Gold Olympic 22 pound coin
By Nicole Garrison-Sprenger
The largest official
Olympic Coin ever issued, a 10 kilogram (22
pound) gold legal tender coin from China, one of
only 29 minted, with a face value of 100,000
Yuan, can be bought for one million dollars,
through Asset Marketing Services in Burnsville.
It could double as a shot put, but it's worth a
little too much to chuck in the dirt.
A 22-pound gold coin commemorating the 2008
Olympic Games in Beijing is waiting in
Burnsville for someone to plunk down $1 million
for a piece of history.
Now, if you're a big fan of the Olympics, you
could fly to Beijing, stay for a week, watch the
Games live and buy a T-shirt for considerably
But a million dollars for a coin that isn't even
It turns out, a solid-gold coin that weighs as
much as a 1-year-old child doesn't come along
The coin released by the China Mint is the
biggest Olympic coin made to date, said Douglas
Mudd, a curator at the American Numismatic
Association money museum.
"Twenty-two pounds that's a lot of gold," he
At present, Mudd said, "The coin market is very
hot. We're seeing record prices at practically
Gold is selling for about $928 an ounce, which
would make the jumbo coin that Burnsville-based
GovMint.com is selling worth about $300,000
melted down. (Precious metals are measured in
troy ounces; the 22-pound coin is roughly 321
Plus, the coin with the Beijing 2008 Games
logo on one side and an image of a Chinese
temple towering above Olympic athletes on the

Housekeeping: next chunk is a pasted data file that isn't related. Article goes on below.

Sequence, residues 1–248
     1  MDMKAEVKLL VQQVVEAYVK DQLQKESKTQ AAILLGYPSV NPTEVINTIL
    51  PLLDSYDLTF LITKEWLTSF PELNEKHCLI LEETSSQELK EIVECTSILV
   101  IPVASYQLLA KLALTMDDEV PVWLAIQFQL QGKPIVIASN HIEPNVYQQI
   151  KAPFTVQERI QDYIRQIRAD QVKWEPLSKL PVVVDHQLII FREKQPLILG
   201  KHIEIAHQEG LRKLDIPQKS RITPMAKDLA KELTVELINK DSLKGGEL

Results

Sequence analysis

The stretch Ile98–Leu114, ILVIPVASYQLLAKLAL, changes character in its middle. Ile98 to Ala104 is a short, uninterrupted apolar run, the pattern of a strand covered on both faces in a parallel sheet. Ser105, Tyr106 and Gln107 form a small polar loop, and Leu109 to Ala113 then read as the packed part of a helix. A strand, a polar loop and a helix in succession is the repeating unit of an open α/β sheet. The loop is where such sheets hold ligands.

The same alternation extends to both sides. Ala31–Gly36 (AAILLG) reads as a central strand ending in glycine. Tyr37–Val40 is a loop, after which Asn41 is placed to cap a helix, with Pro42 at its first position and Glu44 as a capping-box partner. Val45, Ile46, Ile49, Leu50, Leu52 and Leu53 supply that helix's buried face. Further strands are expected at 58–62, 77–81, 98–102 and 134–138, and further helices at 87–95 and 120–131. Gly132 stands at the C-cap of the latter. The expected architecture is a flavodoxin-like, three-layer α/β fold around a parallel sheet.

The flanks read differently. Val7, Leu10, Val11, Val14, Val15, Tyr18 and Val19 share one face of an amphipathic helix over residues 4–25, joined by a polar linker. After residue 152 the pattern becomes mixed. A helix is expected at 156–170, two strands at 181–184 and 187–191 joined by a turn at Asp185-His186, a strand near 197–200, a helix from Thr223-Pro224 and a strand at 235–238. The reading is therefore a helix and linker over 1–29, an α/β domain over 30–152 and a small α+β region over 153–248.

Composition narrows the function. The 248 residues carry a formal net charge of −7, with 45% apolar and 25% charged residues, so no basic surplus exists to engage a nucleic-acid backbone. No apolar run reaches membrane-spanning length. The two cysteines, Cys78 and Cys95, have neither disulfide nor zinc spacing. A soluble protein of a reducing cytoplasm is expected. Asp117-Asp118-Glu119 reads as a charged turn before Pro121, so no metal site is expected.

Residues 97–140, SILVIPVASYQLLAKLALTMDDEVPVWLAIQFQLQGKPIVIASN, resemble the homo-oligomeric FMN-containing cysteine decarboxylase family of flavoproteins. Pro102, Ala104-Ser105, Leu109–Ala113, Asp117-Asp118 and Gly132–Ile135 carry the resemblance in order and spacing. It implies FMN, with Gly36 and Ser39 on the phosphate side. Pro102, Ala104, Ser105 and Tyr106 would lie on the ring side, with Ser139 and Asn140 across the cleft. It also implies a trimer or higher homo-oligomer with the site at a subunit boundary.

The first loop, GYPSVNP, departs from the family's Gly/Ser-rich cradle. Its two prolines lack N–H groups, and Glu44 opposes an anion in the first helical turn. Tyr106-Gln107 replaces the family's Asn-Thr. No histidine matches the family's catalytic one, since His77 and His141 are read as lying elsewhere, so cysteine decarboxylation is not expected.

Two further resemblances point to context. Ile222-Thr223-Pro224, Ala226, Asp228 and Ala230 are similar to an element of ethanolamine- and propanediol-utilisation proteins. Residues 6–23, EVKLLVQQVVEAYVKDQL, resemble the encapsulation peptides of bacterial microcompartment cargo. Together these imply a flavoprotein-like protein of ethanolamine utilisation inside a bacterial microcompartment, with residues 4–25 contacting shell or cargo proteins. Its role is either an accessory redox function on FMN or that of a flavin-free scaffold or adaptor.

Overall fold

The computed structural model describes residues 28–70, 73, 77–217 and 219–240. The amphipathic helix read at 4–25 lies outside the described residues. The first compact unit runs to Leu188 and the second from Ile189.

other is one of only 29 issued, and the only
one released for sale in the United States.
Seven inches in diameter, it comes in an ornate
carved box of
African Blackwood with a 35-pound carved stone
dragon perched on top.
"There is certainly a history of people paying
more than $1 million for certain rare coins,"
said Jay Beeton, the numismatic association's
So how did this particular coin end up in a
nondescript office complex in Burnsville?
The parent company of GovMint.com, Asset
Marketing Services, has marketed coins, jewelry
and watches directly to consumers since 1984,
growing to about $100 million in sales and 200
employees. The company's founder, Nicholas
Bruyer, previously had worked on product
marketing for the Olympics. GovMint.com sold
some coins connected to the 2000 Olympics in
Sydney. But what probably got the China Mint's
attention was the company's biggest score to
date: $1.5 million for a pair of rare gold
prototype coins that were never released by the
United States Mint.
The Beijing Olympics coin arrived at company
offices a couple of weeks ago, but GovMint.com
isn't planning any big public displays. The
company is promoting the coin online (along with
more affordable items) and has contacted
collectors all over the country.
Bruyer expects his $1 million Beijing Olympic
coin to sell before the Games begin in August.
It will be shipped to its new owner in an
Olympic coins date back almost as far as the
Olympics Games, said the ANA's Mudd. In the
early fifth century B.C., the Greeks decided to
issue coins that visitors to the city could use
during the event. In the modern era, coins were
first issued in connection with the 1952
The Beijing Olympics coin has no value as
currency, except in China. But then, you
probably wouldn't want to lug it around, anyway.
Nicole Garrison-Sprenger can be reached at
By The Numbers
Size: 7 inches in diameter
Weight: 22 pounds, not including presentation
Number made: 29
Available in the U.S.: 1
Issued by: China Mint
Marketed by: GovMint.com
Price: $1 million